The second thing that I wish to discuss concerns the three service Ministers - the Minister for the Navy (Senator O'sullivan), the Minister for the Army (Mr. Cramer) and the Minister for Air (Mr. Townley). I hope that an opportunity will be given to honorable members to visit the various establishments of the three services and see members of the services engaged in training and at work. In expressing that hope I realize that it is far easier for honorable members to visit Army establishments than it is for them to visit Air Force and naval establishments. But I remind the Ministers concerned that the former Minister for the Navy provided an opportunity for honorable members from both sides of the chamber to witness Operation Shop Window, which the Navy staged in December. 1954. That was a most interesting experience for those who had the opportunity of heinwith the Navy on that occasion, and I think it gave the honorable members concerned a background knowledge that they would not otherwise have had an opportunity to gain. Prior to that honorable members were invited to Fairbairn aerodrome for Operation Potshot, and the knowledge they gained and the demonstrations they saw were once again of great advantage to them. It is possible for honorable members to visit the various Army camps in their own districts, and I suggest that they take an interest in the work of the personnel, especially that of national service trainees undergoing their initial training of three months in camp. This interest would encourage those who take part in these camps, and it would be good for honorable members to see the work and the training.

I should like again to bring to the attention of the Minister for Defence (Sir Philip McBride) the representations made by a number of honorable members on both sides of the chamber that the pay of civilian personnel assisting in training should not be included in income for taxation purposes. This request has been made to the Treasury on various occasions, but so far as I know it has not yet been acceded to. I think it is necessary for honorable members to support the request, because the personnel concerned give a great deal of their time assisting in training others. Certainly they are paid for it, but, after meeting necessary expenses, they have nothing left out of that pay. Indeed, many of them suffer financial loss. The individual contribution towards Australia's defence made by each of these officers, non-commissioned officers, and men is considerable, and I believe we should encourage them in their work and see to ii that they do not suffer financial loss as a result. Those to whom I refer are the members of the Naval Reserve, Citizen Military Forces, the Citizen Air Force, and the Royal Australian Air Force Active Reserve.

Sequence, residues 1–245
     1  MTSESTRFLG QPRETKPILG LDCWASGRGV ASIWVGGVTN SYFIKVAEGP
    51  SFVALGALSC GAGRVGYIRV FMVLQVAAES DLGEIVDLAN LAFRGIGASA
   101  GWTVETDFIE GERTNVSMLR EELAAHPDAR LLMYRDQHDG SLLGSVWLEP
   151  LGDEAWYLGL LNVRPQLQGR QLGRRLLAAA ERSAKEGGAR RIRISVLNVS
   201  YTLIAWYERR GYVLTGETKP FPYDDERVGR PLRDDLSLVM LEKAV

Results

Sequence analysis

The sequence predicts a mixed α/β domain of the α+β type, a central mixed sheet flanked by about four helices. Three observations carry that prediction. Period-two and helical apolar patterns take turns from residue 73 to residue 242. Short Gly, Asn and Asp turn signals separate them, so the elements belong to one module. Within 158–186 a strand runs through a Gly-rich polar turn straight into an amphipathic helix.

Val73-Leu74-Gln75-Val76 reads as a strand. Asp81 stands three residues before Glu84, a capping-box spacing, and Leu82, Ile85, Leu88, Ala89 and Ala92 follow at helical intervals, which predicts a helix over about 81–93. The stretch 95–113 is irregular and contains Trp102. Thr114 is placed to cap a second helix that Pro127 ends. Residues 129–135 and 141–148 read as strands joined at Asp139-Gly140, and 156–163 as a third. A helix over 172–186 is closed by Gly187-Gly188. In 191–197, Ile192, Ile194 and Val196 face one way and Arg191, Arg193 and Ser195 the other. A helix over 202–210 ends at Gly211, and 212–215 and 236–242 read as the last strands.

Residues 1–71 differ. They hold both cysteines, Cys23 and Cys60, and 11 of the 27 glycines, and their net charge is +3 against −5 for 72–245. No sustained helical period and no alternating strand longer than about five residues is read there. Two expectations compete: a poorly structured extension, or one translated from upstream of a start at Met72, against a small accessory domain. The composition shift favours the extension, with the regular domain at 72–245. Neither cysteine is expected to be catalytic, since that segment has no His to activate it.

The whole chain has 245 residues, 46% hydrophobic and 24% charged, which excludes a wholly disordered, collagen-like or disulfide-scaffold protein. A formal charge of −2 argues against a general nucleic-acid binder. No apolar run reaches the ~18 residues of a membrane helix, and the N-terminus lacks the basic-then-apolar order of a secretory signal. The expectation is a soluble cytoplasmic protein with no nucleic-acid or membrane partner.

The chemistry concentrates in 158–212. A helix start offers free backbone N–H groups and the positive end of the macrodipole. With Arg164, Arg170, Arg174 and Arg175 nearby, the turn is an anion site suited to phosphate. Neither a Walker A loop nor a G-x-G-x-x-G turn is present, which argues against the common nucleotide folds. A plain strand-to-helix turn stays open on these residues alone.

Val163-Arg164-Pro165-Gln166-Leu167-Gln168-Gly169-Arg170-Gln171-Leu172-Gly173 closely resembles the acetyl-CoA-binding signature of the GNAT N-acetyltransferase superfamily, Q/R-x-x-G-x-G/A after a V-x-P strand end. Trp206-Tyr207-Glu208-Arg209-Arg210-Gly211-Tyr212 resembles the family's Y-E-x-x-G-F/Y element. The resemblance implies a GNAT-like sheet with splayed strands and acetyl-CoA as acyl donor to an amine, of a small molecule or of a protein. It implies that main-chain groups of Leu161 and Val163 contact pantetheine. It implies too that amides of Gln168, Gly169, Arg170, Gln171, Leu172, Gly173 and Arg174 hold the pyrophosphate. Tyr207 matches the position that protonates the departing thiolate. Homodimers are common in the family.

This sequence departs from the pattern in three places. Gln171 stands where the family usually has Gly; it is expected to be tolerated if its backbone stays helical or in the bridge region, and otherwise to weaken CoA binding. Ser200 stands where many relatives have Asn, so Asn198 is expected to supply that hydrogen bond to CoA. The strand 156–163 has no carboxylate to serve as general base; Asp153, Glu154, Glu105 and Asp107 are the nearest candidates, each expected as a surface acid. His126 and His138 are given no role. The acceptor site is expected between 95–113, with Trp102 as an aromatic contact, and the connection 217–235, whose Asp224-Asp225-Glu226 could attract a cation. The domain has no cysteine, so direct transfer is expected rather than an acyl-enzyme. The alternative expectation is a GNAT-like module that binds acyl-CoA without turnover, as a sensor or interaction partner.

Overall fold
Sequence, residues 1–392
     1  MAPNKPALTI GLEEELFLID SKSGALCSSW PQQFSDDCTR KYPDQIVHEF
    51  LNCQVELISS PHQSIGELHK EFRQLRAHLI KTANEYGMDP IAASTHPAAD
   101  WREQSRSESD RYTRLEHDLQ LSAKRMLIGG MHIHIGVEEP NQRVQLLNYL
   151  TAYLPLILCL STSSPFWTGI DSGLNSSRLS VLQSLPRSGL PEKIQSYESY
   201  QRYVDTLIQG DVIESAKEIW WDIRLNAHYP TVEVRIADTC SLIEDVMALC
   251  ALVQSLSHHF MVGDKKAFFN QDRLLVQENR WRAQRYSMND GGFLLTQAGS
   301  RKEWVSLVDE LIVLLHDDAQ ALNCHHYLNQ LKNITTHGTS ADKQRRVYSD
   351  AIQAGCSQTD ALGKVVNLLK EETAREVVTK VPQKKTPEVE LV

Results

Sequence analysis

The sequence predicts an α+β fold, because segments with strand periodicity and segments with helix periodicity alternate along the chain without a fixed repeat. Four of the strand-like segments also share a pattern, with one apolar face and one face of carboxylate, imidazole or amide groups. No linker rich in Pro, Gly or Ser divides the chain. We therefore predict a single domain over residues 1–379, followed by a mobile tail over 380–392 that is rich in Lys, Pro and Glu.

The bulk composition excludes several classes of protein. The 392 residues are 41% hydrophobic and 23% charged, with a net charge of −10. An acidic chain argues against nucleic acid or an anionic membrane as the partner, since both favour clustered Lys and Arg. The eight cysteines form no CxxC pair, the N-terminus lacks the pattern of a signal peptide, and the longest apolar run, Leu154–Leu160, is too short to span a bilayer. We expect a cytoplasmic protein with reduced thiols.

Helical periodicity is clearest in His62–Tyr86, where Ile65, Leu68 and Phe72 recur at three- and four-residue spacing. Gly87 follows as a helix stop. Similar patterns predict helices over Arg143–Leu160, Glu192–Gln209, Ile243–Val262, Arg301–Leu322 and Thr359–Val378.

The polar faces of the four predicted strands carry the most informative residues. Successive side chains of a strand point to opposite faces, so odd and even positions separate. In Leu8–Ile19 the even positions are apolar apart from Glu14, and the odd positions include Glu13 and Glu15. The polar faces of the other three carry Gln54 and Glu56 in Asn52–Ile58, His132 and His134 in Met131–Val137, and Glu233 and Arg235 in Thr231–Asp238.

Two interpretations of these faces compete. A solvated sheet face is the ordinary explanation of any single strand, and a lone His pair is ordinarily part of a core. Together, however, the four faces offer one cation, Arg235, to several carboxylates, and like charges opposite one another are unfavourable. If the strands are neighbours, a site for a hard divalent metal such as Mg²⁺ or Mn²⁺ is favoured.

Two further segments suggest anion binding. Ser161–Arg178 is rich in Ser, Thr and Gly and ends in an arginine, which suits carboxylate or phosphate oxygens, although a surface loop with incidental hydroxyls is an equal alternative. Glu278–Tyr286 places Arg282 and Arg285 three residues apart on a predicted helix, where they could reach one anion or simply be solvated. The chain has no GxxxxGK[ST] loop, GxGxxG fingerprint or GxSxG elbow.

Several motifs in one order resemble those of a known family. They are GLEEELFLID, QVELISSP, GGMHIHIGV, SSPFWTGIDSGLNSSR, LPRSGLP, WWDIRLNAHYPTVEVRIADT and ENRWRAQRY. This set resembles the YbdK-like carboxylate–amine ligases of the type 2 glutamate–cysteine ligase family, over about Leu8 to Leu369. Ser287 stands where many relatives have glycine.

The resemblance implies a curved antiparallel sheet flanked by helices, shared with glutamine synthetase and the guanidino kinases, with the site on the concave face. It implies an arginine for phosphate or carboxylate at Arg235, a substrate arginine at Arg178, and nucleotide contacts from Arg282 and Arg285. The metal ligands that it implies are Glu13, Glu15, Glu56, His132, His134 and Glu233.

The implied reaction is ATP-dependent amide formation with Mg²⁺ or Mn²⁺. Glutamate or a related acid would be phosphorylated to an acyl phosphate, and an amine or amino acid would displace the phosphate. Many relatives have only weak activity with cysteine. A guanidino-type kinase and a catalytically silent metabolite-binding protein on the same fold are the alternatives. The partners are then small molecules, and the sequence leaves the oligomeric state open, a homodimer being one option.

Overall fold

I should like to conclude my remarks by mentioning an entirely domestic matter. I see by the smile on the face of my friend and colleague, the Minister for the Army, who is at the table, that he knows at once that I am about to refer to the need for a new army drill hall at Gosford, in New South Wales. I do not wish to go into the details now. but merely to summarize the position. At the present time responsibility for the central coastal area of New South Wales from the north shore in Sydney northwards rests with the composite 17/ 18th Battalion. Owing to the distribution of the population, B company - or Baker company, in service parlance - which has its head-quarters at Gosford, is considerably over strength. The Minister and his predecessor have helped in the past by obtaining for the company an old staff establishment that was used by the New South Wales Department of Railways, but this is entirely inadequate for a company head-quarters, and even more inadequate for a battalion head-quarters, which we hope the Gosford establishment will become in the very near future. It seems to me as an observer that the number of trainees being drawn from the Gosford area is so great that the 18th Battalion will again become a separate entity, as it was before the 1939-45 war. The action taken to make a head-quarters area available is appreciated, but the establishment provided is totally inadequate. There is no store in which security stores may be kept. As a consequence, on every training night and whenever week-end camps are held, all arms and security stores have to be obtained from the composite battalion's head-quarters at Chatswood, in Sydney. This makes training and administration very difficult. Provision has been made in the Estimates in the last two financial years for the construction of a new drill hall at Gosford, and I hope that the Minister will take the opportunity, now that I have reminded him again, of examining the detailed representations I have made in the past in order to ascertain whether it can now be provided;